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Your Guide to Selecting The Right Pond Pump

Craig McCrickard
By
Pump Expert
PumpProducts.com

 

A properly sized pump will ensure the well-being of a pond’s aquatic life, optimize its beauty and keep utility costs down.

 

The first thing to consider when selecting a pond pump is whether it will be used primarily for a waterfall, fountain display or for filtration and recirculation. 

 

Fish pond pumps are often required to perform at a higher capacity than fountain pumps while waterfall pumps must be sized according to both pumping capacity and waterfall height.

 

 


View our pond pump video

 

 

Video used courtesy of Living Water Aeration


 

Selecting the Right Pond Pump

 

Because all pond pumps are sized in gallons per hour (GPH), knowing the volume of water in your pond is key to ensuring adequate circulation.

 

Insufficient circulation can result in stagnant water and an environment unable to sustain fish and plants.

 

As a general rule, pond water should be circulated about once every hour. Consequently, a pond containing 500 gallons requires a pump rated at a minimum of 500 GPH.

 

Total pond gallons can be determined by connecting a water meter to a garden hose while initially filling the pond. To calculate the approximate volume, multiply the pond’s length in feet x width in feet x depth in feet x 7.5.

 

In addition to circulating water, pond pumps are often required to lift water.

 

Head height is the vertical distance the pump must raise water above the surface of the pond. The greater the head height, the harder your pump will have to work. To determine your head height, calculate the following:

A = The vertical height from the top of your pump to the top of your water stream.


B = Total feet of tubing connecting the top of the water stream to the water filter.


C = Number of 90 degree bends and reducers.


D = Number of filters and miscellaneous adapters you will be pumping water through. (Both C & D put additional pressure on the pump.)


Plug your pond’s coordinates into the following formula:


A + (B / 10) + (C / 2) + (D / 4) = Approximate Head Pressure
 


For Example:

A = Vertical Height = 4’
B = Total Distance = 8’
C = Number of 90 degree bends and reducers = 2
D = Number of misc. adaptors = 6

4 + (8 / 10) + (2 / 2) + (6 / 4) =  7.3  Total Dynamic Head Pressure



Most pumps are sold with flow charts illustrating how they perform across a range of measures.

  

Other factors to consider when choosing a pond pump include.

 

  • Width of Spillway:  In waterfall applications, 1 inch = 125 GPH.

 

  • Fish Load:  In fish pond applications, maximum fish load is approximately five inches of fish per five gallons of pond water.

 

  • Voltage /Energy Consumption:  Because pond pumps are designed to run constantly, every watt will add substantially to utility costs.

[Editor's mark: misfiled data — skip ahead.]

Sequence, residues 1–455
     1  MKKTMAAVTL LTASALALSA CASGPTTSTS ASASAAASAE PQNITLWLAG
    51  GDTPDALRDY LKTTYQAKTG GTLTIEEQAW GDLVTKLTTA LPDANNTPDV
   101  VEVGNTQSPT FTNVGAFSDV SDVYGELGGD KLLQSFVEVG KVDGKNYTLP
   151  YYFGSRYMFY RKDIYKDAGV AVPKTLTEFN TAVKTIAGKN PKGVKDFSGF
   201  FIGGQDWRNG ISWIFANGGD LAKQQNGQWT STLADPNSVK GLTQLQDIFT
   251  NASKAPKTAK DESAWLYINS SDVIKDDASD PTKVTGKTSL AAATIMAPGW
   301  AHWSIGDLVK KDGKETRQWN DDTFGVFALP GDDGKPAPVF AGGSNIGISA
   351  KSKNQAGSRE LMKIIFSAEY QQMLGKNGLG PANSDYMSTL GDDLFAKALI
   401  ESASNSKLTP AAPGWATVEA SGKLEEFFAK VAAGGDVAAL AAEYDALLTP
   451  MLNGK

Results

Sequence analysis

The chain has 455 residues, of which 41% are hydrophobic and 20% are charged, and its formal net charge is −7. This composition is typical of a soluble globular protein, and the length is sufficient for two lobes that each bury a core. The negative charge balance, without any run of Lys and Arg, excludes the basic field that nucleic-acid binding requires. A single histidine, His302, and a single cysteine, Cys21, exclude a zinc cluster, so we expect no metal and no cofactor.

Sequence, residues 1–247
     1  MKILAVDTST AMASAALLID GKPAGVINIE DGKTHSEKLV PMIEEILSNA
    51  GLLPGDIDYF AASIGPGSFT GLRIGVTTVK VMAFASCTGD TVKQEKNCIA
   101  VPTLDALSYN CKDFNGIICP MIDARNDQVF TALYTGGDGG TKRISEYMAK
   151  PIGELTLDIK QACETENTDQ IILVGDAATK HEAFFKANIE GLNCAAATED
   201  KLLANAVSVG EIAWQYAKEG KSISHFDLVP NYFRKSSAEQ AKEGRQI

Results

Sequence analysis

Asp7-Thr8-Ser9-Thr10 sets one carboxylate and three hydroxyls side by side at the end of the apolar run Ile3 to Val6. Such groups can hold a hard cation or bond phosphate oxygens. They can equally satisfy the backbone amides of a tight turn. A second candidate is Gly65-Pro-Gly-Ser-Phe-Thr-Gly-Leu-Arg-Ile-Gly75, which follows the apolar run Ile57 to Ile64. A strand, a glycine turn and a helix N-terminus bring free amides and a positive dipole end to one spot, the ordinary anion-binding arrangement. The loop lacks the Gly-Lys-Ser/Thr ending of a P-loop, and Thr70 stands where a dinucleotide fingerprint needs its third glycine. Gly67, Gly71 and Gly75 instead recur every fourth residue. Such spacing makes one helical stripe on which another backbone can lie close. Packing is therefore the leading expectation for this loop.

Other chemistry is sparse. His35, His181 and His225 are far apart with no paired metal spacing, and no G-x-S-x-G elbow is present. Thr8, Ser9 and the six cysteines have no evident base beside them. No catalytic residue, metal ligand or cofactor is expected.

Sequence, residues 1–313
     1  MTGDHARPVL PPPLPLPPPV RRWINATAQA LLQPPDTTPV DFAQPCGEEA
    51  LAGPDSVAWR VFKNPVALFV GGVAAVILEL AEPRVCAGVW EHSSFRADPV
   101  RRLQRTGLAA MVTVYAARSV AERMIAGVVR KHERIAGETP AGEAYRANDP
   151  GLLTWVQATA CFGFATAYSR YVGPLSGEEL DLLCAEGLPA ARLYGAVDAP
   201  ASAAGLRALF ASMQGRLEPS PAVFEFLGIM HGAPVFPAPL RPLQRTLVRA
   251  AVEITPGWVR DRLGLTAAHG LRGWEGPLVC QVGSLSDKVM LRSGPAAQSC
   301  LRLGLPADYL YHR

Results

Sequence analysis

POND PUMP TYPES

 

Magnetic Drive Pumps are the most energy efficient pond pumps and, though costlier than direct drive models, they quickly pay for themselves in utility cost savings. Magnetic drive pumps are oil-free and therefore safe for ponds stocked with fish. They are not ideal for high head applications due to their limited ability to push water to significant heights.  

 

 

 

Direct Drive Pumps are better-suited for powering water features with high head height. These motor-driven pumps tend to cost less than their mag-drive counterparts but require a substantial amount of energy to operate. Unlike mag-drives, direct drive pumps are often self-priming and will draw water to them.

 

 

Submersible Pumps are designed to run while quietly submerged in a pond. Their unobtrusiveness lends itself to naturalistic settings. Maintenance, however, can be inconvenient as submersible pumps must be periodically pulled from the water and cleared of debris.

 

 

 

 

External Pumps require less maintenance than submersible pumps and tend to have a longer life. They are often loud and have to be camouflaged but require less energy than submersible pumps, particularly in larger applications. A 6000 GPH external pump can run on 450 watts, where as a standard submersible pump generally requires 750 – 1200 watts.

 

 


 

TIPS

 

    When shopping for a pond pump for a stream or waterfall, bigger is better. Make sure its head capacity, or lift,  is well above the height you've planned for your falls.

 

    Check the pump cord length. Some codes require the electrical outlet for a water feature to be at least 6 feet away from water.

 

    Consider purchasing two pumps at once. An extra pump could save your pond if your existing pump should fail.

 

 

 

For detailed specs, manuals and reviews of the pond pumps we stock and ship nationally, visit our product pages at www.pumpproducts.com or call us for details: 1-800-429-0800.